Calculating Your Intake of Calcium

Calcium is a very important mineral that makes up about 1-2% of an adult human’s body weight. Calcium provides bone support, helps maintain the pH balance of your blood, and supports muscle and nerve health. Calcium also helps protect colon cells from cancer-causing chemicals, prevents bone loss that can occur as a result of menopause or certain conditions such as rheumatoid arthritis, prevents migraine headaches, and reduces premenstrual symptoms.

Getting too little calcium can result in bone loss, but excess calcium can end up in places where it doesn’t belong, including your blood vessels (causing hardening of the arteries) and your kidneys (in the form of kidney stones). The good news is that it’s pretty much impossible to get too much calcium from plants.

About 99% of your total body calcium is in your bones and teeth. This calcium plays a critical role in maintaining the structural integrity of your skeleton. While calcium is the most critical nutrient to skeletal health, other nutrients help you absorb and use calcium. These nutrients include vitamin Dvitamin K, and magnesium.

Your body is constantly building and breaking down your bones. When your calcium intake is too low, your body pulls calcium from your bones to keep your blood levels close to constant. As long as you eat enough calcium on most days, this borrowing and returning process works very well. But if you do more borrowing from than replenishing to your calcium stores, your bones can become dangerously weak. You do not have to get the exact same amount of calcium each day, as long as you get an adequate amount on most days. As long as your diet contains a wide variety of whole plant foods, your calcium intake should be sufficient to maintain strong bones.

Low bone mineral density, or osteoporosis, is a problem for the elderly, but the damage that leads to it can start early with a poor diet during childhood and adolescence. Between the ages of 10 and 15 years, nearly 40% of your adult bone mass is established, so it’s a critical time to be eating plenty of leafy green vegetables.

The acid/alkaline balance (also called pH) of your blood is essential to sustain your life, and it controls many processes from your breathing rate to your ability to transport oxygen in blood cells. A complex set of tightly regulated hormonal interactions in your body works very hard to keep your blood pH at 7.4 (slightly alkaline), and calcium is essential in this process. When your blood pH starts getting a tiny bit low (down to 7.35), your bones start releasing calcium to bring your pH back into balance.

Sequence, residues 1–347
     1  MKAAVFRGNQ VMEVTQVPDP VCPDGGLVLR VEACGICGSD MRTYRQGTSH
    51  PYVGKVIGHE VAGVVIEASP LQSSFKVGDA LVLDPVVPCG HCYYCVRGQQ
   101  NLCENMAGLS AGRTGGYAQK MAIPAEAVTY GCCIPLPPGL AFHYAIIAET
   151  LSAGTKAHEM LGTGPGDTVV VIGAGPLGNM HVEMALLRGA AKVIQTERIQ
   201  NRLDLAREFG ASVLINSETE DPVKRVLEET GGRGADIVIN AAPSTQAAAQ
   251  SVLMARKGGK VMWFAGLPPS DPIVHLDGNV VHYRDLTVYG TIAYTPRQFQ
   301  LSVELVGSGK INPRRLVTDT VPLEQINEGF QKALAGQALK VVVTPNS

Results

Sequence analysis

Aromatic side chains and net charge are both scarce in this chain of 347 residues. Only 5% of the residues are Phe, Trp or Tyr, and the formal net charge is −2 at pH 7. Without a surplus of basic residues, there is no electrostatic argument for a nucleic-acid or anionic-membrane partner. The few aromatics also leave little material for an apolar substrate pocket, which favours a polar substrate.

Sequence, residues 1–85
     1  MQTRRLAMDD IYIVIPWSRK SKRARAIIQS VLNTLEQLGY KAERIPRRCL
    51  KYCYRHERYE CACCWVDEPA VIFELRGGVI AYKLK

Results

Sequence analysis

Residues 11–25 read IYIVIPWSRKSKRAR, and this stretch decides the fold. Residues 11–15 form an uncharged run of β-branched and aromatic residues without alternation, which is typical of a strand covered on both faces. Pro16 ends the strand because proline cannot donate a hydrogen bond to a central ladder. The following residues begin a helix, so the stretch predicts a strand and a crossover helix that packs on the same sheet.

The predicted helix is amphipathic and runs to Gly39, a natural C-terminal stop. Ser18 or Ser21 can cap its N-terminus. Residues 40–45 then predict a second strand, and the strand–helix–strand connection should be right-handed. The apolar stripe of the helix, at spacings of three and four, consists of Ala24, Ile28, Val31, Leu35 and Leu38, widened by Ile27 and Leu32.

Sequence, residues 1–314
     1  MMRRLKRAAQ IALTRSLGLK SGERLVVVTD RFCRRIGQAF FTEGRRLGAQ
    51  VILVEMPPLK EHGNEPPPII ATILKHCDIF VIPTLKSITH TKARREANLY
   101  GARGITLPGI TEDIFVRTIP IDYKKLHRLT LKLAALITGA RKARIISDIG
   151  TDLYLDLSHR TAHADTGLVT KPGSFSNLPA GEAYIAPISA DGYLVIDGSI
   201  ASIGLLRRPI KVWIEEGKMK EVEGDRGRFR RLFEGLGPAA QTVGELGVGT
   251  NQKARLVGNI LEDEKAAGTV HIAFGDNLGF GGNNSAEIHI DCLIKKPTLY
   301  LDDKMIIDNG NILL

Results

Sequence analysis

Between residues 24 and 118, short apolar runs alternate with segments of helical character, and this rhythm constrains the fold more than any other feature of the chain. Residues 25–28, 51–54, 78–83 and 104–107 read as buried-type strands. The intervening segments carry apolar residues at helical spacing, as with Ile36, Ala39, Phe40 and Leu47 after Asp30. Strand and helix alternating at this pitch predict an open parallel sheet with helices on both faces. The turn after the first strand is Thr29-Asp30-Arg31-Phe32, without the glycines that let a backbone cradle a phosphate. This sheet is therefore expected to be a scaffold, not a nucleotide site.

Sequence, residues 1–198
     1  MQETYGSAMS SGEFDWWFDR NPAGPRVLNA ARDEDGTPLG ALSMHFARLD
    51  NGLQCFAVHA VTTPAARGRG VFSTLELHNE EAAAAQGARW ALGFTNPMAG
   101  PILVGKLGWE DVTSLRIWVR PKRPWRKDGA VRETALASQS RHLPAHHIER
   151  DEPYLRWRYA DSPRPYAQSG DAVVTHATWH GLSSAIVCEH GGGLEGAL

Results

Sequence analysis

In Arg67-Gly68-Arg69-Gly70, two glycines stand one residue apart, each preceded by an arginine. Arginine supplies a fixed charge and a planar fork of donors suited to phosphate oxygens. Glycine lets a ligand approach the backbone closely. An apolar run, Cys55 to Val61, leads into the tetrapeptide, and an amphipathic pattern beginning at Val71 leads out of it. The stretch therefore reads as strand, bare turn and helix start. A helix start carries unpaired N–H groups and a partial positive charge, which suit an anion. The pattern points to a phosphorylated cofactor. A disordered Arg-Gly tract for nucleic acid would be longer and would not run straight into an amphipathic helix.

Most of us have been brainwashed by the dairy industry into thinking that the only way to get enough calcium in our diets is to drink milk and eat yogurt and cheese. But in 1992, a researcher from Yale University studying animal protein intake and hip fracture rates in 16 countries around the world found that those with the highest meat, fish, egg, and dairy product consumption had the most fractures. In a 12-year Harvard study of 78,000 women, those who drank milk three times a day actually broke more bones than women who rarely drank milk. Similarly, a 1994 study of elderly men and women in Sydney, Australia, showed that higher dairy product consumption, particularly at age 20, was associated with increased fracture risk in old age. The latest figures, from 2012, show that in the countries where the consumption of dairy and meat is relatively low, the rates of osteoporosis and/or hip fractures are also low and vice versa.

Protein molecules are composed of amino acids, which contain nitrogen and sometimes sulphur. One very important distinction between animal and plant-derived protein is that animal proteins contain very large amounts of the basic element sulfur. This sulfur is found in two of the amino acids, methionine and cysteine. Your body makes other sulfur-containing amino acids from these two primary sulfur-containing amino acids, including keto-methionine, cystine, homocysteine, cystathionine, taurine, and cysteic acid.

Amino acids, as the name implies, are acids. The sulfur-containing amino acids, which are abundant in meat, dairy, and eggs, are the strongest acids of all, because they break down into powerful sulfuric acid.  Animal protein causes the acidity of your blood to rise. Your body must neutralize this acid by releasing calcium and other alkaline materials from your bones. Fruits and vegetables, on the other hand, are alkaline, and eating these plant foods helps you easily neutralize acid and preserve your bones. The acidic condition caused by eating meat and dairy also raises cortisol levels. Cortisol is a steroid, and elevated cortisol causes severe chronic bone loss. Hard cheeses, including cheddar and Parmesan, are the most acidifying foods, while spinach is one of the most alkalinizing foods.